5 thoughts on “Bucks 116, Wolves 101: The Comeback That Never Was

  1. What a joke. Ripped the first unit? You’re the one greasing the rope. How are players supposed to succeed in this alleged ‘system’?

    Moreover, the Bucks seem to be trying to squeeze some wins from pure novelty by starting a 6’11” small forward at point guard. The Wolves are the perfect team to do this against–they’ll have no plan, no adjustment and if they do eventually try to do something (see leaving the 2nd unit in until they could barely walk) it is wrong or not enough. Jim Pete kept saying how fun it was to watch, but I was reminded of a circus freak show. I wonder how this novelty will go moving forward.

    I know we have legendarily bad perimeter D, but I think after a game like this it is also time to point out we have bad luck in this aspect on top of it. Teams always seem to come in with a hot hand against us or have a player with a freak shooting night. Or both. It seems like we get burned almost every time we make a head slapping defensive mistake that leads to a desperate run out and late contest on the 3 pt line. It’s almost comedic to see the formula unfold over and over. I find myself saying, do other teams, even bad defensive teams, have to deal with this?

    This season is starting to feel long. If Sam feels the need to walk away from the Mic at the presser, why not just keep walking to his couch and not show up to ‘coach’ the next game. It’s getting to a point where it is damaging to player development and he’s playing ‘us against them’ games with the players–often players who have played the best and hardest for him. We’ve had a tough thing happen in losing Flip, and Sam was put in a tough position. But we really need to do something about the coaching. Realistically, this means making sure we get a real coach when the season ends. But I think it also means making sure Sam doesn’t damage the team dynamic before we can make that change. My reaction may be overly angry, but it is hard to watch a team this poorly coached and then see the coach rip his own players. It’s a little too childish and ironic for me, and lets just say there’s plenty of that going around.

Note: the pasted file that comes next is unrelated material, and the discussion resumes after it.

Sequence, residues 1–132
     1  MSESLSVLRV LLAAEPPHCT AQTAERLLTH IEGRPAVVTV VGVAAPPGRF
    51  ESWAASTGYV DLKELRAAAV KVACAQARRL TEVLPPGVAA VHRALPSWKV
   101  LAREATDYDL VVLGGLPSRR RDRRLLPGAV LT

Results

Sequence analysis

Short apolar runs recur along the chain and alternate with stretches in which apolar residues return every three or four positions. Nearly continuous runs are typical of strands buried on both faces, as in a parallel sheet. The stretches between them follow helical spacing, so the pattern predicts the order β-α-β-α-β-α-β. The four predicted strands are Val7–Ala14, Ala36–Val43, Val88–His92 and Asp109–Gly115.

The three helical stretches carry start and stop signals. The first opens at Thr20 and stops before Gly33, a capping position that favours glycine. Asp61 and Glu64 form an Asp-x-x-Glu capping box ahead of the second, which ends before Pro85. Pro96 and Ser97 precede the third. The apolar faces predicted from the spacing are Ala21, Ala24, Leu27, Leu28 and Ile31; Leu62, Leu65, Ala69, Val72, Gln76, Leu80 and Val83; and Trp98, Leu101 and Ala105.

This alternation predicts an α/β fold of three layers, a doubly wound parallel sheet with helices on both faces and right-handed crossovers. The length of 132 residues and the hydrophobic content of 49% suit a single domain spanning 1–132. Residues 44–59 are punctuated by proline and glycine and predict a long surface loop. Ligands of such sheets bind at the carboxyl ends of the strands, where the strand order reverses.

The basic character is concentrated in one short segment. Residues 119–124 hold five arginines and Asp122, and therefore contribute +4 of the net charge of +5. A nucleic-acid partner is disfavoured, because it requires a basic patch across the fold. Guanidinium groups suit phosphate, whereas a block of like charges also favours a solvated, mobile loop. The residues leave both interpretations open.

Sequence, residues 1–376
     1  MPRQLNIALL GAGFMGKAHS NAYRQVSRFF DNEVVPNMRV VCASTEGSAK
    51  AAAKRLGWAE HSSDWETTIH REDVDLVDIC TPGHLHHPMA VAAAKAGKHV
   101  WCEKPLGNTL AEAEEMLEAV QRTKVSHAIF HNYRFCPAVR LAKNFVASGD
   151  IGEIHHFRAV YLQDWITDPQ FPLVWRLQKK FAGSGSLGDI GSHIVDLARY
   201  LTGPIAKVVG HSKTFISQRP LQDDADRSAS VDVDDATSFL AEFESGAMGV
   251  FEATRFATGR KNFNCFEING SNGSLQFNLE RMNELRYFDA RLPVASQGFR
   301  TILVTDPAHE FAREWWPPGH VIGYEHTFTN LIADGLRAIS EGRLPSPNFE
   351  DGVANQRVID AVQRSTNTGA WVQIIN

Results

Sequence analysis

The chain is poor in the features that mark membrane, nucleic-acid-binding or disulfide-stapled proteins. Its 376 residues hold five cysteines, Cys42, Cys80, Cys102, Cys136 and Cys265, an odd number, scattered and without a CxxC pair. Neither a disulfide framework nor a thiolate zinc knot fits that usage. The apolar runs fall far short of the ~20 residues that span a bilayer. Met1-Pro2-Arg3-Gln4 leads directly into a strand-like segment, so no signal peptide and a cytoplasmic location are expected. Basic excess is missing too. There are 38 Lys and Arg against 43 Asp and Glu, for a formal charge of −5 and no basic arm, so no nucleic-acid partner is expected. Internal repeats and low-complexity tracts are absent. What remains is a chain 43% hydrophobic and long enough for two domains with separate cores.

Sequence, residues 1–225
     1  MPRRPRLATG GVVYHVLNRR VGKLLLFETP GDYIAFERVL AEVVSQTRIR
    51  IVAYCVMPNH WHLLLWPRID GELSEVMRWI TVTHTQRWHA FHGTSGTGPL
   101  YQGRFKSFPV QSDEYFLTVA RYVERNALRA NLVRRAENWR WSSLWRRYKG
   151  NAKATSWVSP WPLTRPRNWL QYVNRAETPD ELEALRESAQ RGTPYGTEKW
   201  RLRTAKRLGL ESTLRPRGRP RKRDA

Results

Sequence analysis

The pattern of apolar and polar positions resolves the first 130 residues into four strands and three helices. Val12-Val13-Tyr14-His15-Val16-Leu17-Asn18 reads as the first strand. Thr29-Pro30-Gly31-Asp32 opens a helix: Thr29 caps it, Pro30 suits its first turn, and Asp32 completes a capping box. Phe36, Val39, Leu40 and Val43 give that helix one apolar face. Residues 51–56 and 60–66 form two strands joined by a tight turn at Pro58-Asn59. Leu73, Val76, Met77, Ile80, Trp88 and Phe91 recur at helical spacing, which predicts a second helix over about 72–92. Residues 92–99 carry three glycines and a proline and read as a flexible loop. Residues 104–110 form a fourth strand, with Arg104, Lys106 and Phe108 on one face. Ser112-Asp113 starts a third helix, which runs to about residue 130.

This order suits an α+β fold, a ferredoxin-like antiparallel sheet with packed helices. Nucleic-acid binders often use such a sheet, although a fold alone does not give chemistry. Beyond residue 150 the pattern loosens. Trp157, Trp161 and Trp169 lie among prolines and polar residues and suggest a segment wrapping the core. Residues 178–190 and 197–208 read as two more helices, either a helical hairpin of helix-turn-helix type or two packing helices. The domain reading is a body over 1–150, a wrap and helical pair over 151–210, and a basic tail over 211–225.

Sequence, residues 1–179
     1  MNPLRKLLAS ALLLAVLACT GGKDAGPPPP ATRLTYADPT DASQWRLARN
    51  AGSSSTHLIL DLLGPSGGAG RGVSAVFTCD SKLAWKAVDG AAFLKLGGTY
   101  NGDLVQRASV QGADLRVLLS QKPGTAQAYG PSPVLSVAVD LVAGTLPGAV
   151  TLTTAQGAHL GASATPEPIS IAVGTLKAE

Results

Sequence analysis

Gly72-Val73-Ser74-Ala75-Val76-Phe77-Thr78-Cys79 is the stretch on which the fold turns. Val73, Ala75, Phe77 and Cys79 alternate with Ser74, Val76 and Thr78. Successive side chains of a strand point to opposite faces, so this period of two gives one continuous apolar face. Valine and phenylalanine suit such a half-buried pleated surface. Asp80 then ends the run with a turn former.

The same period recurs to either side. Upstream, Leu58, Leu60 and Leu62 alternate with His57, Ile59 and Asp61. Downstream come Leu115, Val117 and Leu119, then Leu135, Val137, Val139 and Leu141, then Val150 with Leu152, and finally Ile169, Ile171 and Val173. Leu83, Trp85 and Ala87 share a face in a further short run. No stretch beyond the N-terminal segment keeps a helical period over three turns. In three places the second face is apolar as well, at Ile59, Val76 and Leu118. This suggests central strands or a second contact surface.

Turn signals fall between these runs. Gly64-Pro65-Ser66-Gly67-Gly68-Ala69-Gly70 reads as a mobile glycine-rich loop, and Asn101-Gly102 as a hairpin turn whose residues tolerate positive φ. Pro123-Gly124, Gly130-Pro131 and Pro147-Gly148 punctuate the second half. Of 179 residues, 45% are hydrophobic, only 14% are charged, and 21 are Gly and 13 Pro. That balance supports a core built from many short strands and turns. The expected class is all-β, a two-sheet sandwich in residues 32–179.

2. Also, just to be safe, let’s get rid of Milton. Reportedly the Wolves offered to trade Rubio and a first round pick for Middleton. What? I mean, yeah we need three point shooting (thought trying to take some might help!) but Khris is a shooting guard. We already have a younger hopefully someday better version of him in Zach LaVine. Was the plan to move Zach back to point guard? Zach starting and Tyus backing up? Dear god! How long would trading Rubio set our already too slow development back if we don’t get a proven true point in return? Let’s not do anything too stupid and annoying, guys. It’s pretty easy not to mess this up–sit on our main pieces (including Rubio) add what we can in the draft and little trades and most importantly, get a REAL coach. And relax. We’ll be OK if we do that calmly.

  3. Wow! I agree with every single point you make, especially the part about teams always having a hot hand against this poorly coached team. I’ve noticed that all year as well. It seems like players are throwing the ball in a ocean against the Wolves. And a real Coach and GM is needed very badly.

  4. I sat behind the Twolves bench for this game. Shabazz took a hard foul (while still down 20 pts) and Mitchell ripped into the bench because the only guy to get upset about the foul was KG. “Y’all gonna just gonna f****g lay down?!” While I normally would have had a hard time comprehending the entirety of his benching decision, the starters really did appear to give up. I would even say the good majority of them pouted for the next 20 minutes after getting benched. Perhaps there was an opportunity there at the end to let them redeem themselves, but there’s also a point to be made for playing hard. And they certainly weren’t.

Leave a Reply